New dorms will dramatically improve our ability to meet safety codes and regulations.
Some Hopes Fulfilled
While new dorms are a necessity if Bement is to retain its boarding program, our study also allowed us to identify additional ways this component of our school can be improved. In January, 2009, a local property—nearly three acres with a large Colonial reproduction home- adjacent to our playing fields at the north end of town became available. In almost uncanny ways, it immediately solved several identified campus problems and did so at less cost than new construction. When we closed on this sale in late May, we immediately acquired:
A Bement-owned head’s residence. Ever since Kay Bartlett and Gug Drexler bought Bement from its founder, heads of school have lived in Billings House, a property rented from Historic Deerfield. Historic Deerfield had indicated that some time in the future they will want to use Billings House in their museum plan. This fact, coupled with the high cost of operating and maintaining a 250-year-old home, made the new acquisition an environmentally and financially smart move. In addition, the new house offers countless opportunities for school functions and activities not possible in Billings House. Memorable school traditions are already unfolding in this lovely new setting.
A warm, comfortable gathering place, startlingly absent on our campus until now. We needed a space which could accommodate the boarding community for informal meals, movies, games, or meetings—a space which could serve an important function and also act as a magnet for drawing students and faculty together. Given the fact that all spaces on campus typically serve multiple functions, this new community room also hosts advisee activities and provides an additional meeting location for faculty and parent groups. It has become the busiest spot on campus!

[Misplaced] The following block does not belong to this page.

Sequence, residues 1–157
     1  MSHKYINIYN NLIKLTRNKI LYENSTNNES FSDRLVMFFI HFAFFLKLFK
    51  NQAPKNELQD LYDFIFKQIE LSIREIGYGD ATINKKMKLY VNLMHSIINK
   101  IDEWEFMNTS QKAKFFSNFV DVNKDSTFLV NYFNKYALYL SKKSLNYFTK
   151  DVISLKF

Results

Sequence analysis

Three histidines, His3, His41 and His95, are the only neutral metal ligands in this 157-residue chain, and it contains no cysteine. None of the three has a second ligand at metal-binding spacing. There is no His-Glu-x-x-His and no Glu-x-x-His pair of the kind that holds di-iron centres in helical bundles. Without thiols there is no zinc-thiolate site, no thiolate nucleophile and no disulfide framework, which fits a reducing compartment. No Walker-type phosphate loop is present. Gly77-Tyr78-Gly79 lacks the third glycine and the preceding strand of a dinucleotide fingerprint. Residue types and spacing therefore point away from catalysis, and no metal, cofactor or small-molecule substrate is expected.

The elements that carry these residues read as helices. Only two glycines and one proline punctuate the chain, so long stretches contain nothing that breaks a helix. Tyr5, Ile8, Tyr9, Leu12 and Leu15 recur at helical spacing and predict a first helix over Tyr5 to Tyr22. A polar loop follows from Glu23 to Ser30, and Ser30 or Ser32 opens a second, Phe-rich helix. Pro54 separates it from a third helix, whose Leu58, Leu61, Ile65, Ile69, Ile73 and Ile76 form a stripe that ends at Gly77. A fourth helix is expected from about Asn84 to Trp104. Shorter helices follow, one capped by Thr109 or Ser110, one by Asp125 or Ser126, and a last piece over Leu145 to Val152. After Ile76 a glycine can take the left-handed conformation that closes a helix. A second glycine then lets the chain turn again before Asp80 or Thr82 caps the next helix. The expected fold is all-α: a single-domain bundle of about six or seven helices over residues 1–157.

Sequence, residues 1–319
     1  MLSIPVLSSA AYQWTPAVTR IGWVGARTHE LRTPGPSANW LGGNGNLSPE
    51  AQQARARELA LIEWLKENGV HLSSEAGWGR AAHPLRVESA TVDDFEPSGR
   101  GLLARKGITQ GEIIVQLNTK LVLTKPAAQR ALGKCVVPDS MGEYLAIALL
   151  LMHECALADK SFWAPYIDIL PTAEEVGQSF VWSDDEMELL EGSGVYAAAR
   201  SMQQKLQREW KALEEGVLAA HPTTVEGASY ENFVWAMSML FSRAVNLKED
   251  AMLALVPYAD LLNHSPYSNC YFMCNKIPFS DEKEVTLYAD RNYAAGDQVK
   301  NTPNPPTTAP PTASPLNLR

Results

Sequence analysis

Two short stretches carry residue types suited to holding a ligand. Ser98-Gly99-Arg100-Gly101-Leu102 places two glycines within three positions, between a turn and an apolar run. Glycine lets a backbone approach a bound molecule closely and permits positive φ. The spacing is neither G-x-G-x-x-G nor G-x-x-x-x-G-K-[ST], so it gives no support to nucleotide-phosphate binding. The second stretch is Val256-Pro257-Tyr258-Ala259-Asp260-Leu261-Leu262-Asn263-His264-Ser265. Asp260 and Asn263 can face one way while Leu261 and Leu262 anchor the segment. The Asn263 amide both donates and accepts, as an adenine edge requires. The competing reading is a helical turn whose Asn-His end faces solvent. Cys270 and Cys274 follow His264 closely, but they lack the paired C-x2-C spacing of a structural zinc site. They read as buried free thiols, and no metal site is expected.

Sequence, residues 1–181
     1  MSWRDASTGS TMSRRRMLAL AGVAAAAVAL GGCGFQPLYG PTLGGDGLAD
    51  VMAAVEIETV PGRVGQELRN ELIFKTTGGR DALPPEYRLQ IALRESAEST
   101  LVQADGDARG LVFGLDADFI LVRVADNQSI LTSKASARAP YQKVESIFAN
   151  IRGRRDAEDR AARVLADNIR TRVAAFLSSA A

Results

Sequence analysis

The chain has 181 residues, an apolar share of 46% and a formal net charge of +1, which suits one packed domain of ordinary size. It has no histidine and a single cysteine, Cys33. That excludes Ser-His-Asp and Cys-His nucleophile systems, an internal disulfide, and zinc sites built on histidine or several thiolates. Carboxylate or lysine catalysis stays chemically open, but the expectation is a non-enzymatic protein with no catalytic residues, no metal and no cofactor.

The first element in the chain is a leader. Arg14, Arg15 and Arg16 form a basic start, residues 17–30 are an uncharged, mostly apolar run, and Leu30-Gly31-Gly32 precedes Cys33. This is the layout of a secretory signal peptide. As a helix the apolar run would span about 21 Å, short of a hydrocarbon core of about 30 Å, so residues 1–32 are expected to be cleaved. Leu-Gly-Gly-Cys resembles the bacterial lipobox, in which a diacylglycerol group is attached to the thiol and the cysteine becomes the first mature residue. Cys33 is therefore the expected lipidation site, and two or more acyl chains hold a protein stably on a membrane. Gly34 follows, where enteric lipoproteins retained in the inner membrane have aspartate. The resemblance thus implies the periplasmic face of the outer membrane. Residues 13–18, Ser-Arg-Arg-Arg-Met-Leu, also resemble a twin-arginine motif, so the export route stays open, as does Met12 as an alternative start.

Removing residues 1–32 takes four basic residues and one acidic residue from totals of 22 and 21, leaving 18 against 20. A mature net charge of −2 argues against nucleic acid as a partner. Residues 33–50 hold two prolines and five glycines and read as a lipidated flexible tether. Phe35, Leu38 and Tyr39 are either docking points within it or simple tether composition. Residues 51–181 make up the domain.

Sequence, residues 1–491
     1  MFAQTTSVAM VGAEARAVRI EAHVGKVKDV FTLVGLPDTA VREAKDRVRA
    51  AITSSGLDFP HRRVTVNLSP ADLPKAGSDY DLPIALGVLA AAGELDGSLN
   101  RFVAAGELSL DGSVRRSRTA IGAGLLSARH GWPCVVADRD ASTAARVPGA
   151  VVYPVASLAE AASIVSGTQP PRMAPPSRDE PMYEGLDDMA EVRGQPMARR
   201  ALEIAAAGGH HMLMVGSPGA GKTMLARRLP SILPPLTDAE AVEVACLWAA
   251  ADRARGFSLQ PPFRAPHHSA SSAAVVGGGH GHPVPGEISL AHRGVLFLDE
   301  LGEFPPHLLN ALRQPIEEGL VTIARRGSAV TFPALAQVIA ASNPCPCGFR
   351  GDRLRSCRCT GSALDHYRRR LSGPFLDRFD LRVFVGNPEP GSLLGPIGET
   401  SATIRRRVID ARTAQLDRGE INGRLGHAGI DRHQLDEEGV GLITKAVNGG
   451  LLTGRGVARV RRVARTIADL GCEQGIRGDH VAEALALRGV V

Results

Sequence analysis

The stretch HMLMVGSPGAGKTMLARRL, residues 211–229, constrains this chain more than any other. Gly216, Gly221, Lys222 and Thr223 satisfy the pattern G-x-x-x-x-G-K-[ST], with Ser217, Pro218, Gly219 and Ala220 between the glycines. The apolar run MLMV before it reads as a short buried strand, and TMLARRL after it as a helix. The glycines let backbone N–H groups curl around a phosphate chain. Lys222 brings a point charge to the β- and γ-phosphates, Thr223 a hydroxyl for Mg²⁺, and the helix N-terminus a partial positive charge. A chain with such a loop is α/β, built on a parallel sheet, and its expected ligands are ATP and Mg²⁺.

A true maintenance facility. Our buildings and grounds department can now have, for the first time ever, an appropriate space to house a workshop, office for the director, and parking space for school vehicles in the home’s basement and large garage.
The outdoor pool needed for our many summer programs. It provides fun and exercise for boarders and dorm parents in the warm months of fall or spring.
The Opening of our new boys’ dormitory!
In February, 2010, half of this dream came true. Bement and Stebbins Houses have been replaced by Blydenburgh and Jiayi Houses. They secure Bement’s place in the junior boarding school world, significantly enhance the quality of the experience we offer those students and adults who live here, and bring us closer to achieving this last phase of necessary campus improvements. We remain steadfast in our commitment to providing our girls and their dorm parents with a similar facility, but will need leadership support to make these plans a reality. Please don’t hesitate to contact Diana Stiles, Director of Alumni and Development, or Shelley Borror Jackson, Head of School, for more information or to support this initiative.
Former head of school from 1947-1971, Mary "Gug" H. Drexler, passed away on April 23, 2013 at the age of 101.
Remembrances of Gug's time as head of school can be found on the school's alumni facebook page.